Complaints that Goldman Sachs job cuts weren't entirely objective
Goldman Sachs is cutting underperformers. Or is it? Some of those in teams that have been cut are complaining that the layoffs may not have been entirely motivated by performance.
In theory, Goldman's cuts are all about eliminating around 2% of its worst performers, with poorly performing candidates selected via an appraisal process that has three levels: "exceeds expectations;" "fully meets expectations;" and "partially meets expectations."
However, in the European real estate team within the asset management division, insiders say cuts are closer to 25% of investment professionals and that some of those cut were "well-liked, well-regarded and technically very competent."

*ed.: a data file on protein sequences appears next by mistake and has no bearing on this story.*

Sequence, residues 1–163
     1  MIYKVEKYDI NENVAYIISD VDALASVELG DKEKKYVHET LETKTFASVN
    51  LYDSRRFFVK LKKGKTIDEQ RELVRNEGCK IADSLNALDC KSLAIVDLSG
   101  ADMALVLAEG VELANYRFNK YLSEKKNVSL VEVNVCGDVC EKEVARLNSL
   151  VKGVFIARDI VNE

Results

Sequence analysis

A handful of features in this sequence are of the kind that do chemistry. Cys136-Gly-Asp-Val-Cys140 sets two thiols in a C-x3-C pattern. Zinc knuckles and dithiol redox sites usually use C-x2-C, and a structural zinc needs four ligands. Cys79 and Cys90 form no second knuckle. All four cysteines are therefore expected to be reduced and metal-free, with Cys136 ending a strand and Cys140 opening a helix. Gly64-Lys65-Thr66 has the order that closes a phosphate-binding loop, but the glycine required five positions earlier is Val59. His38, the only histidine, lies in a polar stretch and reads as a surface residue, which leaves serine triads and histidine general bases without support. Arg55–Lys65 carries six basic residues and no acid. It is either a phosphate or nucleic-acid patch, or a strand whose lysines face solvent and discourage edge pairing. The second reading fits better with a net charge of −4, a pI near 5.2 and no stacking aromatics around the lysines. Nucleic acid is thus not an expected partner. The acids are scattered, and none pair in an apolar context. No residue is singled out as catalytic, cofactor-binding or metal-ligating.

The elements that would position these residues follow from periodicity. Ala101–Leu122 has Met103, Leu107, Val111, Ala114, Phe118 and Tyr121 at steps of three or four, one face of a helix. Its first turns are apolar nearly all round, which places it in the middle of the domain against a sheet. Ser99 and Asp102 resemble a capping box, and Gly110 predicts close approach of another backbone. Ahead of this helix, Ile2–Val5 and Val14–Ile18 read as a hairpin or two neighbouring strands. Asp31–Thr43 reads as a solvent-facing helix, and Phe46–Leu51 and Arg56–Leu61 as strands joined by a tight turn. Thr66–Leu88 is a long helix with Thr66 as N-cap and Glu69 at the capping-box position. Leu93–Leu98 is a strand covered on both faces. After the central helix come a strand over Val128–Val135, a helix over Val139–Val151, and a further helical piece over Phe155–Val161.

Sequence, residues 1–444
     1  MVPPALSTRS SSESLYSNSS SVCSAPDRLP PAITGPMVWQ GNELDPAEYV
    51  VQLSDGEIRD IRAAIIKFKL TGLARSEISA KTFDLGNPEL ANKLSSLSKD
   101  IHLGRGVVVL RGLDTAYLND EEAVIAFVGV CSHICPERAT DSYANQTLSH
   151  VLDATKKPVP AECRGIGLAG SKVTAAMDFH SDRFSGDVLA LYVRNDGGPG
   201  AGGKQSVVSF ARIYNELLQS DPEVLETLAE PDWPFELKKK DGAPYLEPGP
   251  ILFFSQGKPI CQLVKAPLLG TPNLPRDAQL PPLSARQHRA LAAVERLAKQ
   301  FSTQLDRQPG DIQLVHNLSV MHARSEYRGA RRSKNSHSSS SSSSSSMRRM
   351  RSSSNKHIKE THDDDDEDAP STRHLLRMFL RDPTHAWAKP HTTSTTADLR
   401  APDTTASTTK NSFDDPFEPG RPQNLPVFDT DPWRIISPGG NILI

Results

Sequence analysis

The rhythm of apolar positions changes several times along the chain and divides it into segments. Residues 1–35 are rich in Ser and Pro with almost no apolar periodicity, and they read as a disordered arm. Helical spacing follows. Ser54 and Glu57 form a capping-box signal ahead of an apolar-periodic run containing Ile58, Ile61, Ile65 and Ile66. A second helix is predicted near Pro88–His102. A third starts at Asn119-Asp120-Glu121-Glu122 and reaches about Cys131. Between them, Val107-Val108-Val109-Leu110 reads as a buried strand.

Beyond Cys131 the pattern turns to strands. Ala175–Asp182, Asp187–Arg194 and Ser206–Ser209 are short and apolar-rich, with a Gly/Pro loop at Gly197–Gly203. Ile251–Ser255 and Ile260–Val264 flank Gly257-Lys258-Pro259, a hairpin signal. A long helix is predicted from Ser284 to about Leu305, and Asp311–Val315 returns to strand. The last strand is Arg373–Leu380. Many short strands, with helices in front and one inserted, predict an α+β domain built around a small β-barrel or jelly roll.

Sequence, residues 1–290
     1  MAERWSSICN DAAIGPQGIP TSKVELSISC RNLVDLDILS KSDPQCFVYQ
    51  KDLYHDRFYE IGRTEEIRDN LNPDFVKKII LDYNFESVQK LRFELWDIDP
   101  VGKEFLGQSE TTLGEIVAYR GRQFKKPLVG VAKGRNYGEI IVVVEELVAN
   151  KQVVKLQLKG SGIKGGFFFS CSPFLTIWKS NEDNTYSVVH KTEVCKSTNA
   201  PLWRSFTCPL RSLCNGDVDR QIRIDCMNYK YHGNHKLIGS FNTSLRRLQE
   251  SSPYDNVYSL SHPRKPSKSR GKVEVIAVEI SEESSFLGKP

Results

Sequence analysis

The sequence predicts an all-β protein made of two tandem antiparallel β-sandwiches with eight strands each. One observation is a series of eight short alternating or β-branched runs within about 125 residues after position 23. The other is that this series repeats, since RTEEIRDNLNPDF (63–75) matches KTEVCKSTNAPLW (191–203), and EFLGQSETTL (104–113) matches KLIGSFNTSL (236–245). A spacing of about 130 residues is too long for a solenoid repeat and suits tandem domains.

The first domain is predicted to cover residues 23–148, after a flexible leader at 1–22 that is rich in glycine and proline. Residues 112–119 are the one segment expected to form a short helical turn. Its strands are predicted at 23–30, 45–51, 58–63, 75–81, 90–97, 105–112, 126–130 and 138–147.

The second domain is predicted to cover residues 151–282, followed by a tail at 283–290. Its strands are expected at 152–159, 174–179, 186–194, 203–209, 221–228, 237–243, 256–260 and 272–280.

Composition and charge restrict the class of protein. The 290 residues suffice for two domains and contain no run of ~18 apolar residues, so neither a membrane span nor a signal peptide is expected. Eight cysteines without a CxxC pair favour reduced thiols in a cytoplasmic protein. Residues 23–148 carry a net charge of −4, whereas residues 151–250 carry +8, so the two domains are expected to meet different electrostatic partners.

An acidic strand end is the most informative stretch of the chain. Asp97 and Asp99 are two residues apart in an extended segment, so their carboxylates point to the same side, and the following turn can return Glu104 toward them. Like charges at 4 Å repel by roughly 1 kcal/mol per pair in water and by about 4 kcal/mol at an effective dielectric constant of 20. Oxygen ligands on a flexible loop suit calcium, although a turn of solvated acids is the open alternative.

Goldman declined to comment on the complaints, which might be dismissed as the gripes of a people left behind after their friends have left. The realty management division (RMD) investment team, which was previously around 35 people, is now understood to be around 25 in Europe.
However, as Goldman reorganizes into fewer and larger divisions, the RMD exits might have broader implications for the firm. The team sits in a unit created in 2019 that combines Goldman's historic merchant banking division (MBD), its special situations group (SSG) and its real estate group. The grumblers suggest that people from the legacy SSG team were disproportionately targeted for exits, whereas the legacy MBD people got off lightly. In the new team, most of those in charge allegedly started off in MBD.
If true, the implication is that even in the most impartial of processes, some partiality may creep in. If so, it's an unsurprising manifestation of human nature, but it could have consequences as divisions are restructured. It helps to be on the side of the team that comes out on top.
Photo by JACQUELINE BRANDWAYN on Unsplash
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